Racial profiling by law enforcement is illegal in Maine, as a result of a law passed last year by the Legislature and signed by Gov. Mills.

But is the law being enforced? It’s anyone’s guess. The state does not have a system of collecting demographic data on police encounters with the public that would indicate whether prohibited practices are still going on.

It’s time to take off the blindfold. Members of the Legislature’s Judiciary Committee should recommend passage of a bill that would require all law enforcement agencies to report demographic data of the people they stop to the Attorney General’s Office for analysis.

Knowing this information is essential to understanding the problem that Black people and other people of color face in their encounters with police in Maine. “You can’t fix what you don’t know,” said Rep. Craig Hickman, D-Winthrop, the bill’s sponsor.

There is a lot we do know about the interplay between policing and race.

An assessment by the Council on State Governments’ Justice Center, published in 2019, found that Black people accounted for 5 percent of arrests in Maine between 2008 and 2018, even though they make up only 1 percent of the state’s population.


When it came to drug offenses, the disparity was even greater, although research shows that Black and white people possess and use drugs at close to the same rate. Yet Black people represent about 8 percent of drug arrests – or eight times their proportion of the population in Maine. When researchers examined racial disproportionality among the three levels of felony drug offenses, they found that the more serious the charge, the greater the racial disparity. Black people accounted for 21 percent of Class A drug offenses, 15 percent of Class B drug offenses, and 4 percent of Class C drug offenses.

Arrest data tell only a small part of the story. Countless stories are told by people of color about being stopped and questioned by police for no apparent reason. These stops don’t result in arrest or citation, however, so without collecting demographic data, there is no way of knowing whether they are happening disproportionately to people of color.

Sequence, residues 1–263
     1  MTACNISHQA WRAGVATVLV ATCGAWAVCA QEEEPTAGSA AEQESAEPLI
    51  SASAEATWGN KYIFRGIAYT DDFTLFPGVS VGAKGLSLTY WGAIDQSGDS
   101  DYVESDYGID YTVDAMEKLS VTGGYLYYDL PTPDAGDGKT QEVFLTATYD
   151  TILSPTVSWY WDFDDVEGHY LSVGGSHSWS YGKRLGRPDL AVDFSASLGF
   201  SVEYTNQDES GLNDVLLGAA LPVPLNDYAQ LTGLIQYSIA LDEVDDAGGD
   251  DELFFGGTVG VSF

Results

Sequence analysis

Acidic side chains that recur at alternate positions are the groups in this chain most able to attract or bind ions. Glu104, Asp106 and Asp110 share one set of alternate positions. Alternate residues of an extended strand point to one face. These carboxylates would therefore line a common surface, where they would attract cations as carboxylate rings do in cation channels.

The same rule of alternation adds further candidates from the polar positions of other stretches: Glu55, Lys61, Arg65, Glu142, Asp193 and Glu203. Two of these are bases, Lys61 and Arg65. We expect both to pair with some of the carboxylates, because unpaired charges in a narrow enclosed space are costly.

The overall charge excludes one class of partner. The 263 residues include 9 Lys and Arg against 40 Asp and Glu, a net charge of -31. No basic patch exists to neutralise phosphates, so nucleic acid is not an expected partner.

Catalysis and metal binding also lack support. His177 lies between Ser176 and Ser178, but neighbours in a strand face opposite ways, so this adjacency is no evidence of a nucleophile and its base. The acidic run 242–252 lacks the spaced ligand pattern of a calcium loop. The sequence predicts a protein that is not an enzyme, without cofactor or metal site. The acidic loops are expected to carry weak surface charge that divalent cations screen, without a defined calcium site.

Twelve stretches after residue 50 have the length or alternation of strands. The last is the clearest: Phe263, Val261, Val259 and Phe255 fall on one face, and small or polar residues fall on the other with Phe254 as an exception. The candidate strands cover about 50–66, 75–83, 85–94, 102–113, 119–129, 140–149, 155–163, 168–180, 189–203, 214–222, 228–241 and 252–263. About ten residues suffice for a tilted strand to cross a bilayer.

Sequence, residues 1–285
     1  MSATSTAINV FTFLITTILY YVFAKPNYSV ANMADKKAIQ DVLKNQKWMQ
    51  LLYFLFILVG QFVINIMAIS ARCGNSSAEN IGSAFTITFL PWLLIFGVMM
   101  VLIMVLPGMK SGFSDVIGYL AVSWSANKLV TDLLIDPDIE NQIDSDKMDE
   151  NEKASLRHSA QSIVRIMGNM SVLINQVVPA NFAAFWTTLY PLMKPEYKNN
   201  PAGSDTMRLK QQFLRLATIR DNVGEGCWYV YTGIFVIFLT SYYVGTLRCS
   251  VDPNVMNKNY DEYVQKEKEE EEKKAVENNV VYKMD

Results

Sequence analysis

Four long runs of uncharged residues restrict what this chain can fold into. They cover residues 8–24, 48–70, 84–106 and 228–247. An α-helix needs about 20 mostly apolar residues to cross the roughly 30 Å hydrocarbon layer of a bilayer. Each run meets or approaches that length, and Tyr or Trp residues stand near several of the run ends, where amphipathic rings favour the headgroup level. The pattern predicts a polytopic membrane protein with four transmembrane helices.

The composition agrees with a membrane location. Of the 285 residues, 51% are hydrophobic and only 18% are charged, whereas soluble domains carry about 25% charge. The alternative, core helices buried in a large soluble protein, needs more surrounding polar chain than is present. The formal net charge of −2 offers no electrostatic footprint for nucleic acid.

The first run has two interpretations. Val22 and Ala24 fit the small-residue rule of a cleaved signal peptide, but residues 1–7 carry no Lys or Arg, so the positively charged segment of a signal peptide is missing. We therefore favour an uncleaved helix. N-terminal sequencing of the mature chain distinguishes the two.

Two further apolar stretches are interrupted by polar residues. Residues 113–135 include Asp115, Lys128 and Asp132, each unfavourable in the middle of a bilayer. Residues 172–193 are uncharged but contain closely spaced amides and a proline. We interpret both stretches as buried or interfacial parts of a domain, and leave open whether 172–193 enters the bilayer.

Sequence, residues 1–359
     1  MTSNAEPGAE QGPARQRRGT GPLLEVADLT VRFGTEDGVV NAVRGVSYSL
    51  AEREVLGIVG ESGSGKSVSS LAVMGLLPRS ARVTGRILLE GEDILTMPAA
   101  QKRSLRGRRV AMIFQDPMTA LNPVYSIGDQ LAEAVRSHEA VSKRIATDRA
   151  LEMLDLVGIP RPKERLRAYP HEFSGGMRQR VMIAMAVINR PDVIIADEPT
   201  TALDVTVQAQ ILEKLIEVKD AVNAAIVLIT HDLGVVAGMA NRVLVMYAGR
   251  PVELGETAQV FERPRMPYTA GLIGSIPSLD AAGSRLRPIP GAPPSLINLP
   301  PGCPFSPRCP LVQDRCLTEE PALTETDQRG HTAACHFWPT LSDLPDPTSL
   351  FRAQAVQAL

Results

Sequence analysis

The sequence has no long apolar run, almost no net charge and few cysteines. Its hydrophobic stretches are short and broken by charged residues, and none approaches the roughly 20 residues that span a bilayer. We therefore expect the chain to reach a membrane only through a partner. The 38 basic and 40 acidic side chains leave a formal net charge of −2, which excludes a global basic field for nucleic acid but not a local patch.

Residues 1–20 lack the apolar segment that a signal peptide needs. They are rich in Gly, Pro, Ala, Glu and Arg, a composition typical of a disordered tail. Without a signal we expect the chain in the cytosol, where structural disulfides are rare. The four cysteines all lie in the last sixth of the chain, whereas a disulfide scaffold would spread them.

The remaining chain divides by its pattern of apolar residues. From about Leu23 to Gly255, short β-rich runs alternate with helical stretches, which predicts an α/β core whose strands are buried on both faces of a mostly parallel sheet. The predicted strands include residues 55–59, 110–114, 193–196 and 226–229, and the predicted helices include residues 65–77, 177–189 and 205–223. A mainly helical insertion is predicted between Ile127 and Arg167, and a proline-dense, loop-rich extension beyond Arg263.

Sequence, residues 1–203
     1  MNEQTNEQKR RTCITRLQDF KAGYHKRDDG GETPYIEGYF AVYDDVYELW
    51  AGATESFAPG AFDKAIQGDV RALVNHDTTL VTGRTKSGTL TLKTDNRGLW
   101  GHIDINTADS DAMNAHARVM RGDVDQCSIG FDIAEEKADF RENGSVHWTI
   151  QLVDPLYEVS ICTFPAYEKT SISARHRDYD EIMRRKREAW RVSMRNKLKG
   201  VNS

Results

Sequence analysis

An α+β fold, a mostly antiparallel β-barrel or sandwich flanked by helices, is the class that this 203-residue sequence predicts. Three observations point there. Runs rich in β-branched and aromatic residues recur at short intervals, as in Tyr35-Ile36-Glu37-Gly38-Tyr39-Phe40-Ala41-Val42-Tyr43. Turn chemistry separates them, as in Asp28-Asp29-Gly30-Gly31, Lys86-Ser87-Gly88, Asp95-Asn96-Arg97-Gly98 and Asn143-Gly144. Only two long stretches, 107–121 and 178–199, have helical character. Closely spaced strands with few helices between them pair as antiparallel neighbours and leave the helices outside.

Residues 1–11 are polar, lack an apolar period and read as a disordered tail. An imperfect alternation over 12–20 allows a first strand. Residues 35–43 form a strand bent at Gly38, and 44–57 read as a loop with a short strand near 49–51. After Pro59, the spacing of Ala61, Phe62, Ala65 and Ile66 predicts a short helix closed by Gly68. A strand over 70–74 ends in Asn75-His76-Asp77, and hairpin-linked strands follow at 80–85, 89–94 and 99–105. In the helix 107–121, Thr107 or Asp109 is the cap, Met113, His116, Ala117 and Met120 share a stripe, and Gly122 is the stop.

For some reason, police agencies continue to push back on data collection. At a Judiciary Committee hearing this week, Maine State Police Chief Christopher Grotton said it would be difficult for police officers to accurately report a person’s race “based on an (officer’s) assumption in the middle of the night.”

But the state police and other agencies have no problem relying on an officer’s assumption when suspects flee, and police release descriptions that routinely includes a guess on race.

And in evaluating the prevalence of racial profiling, the officer’s perception of a suspect’s race is more relevant than the person’s actual racial identity. It’s that assumption made in the middle of the night preceding a traffic stop that the state needs to be tracking.

Data collection was stripped out of the racial profiling bill that passed last year, and the issue was studied by the Attorney General’s Office. In a report sent to legislators in March, the attorney general detailed how other states, including California and Connecticut, are able to get and analyze this information.


Getting the information is not hard, but passing the bill may not be so easy. Republicans have blocked a special session to deal with the bills left unresolved when the coronavirus struck. It’s unclear when or under what circumstances lawmakers will be called back this session.

But the Judiciary Committee can do the right thing and send Hickman’s bill to the floor with an ought-to-pass recommendation.

Until we can see the problem we won’t be able to fix it. Maine should not fly willfully blind any longer.


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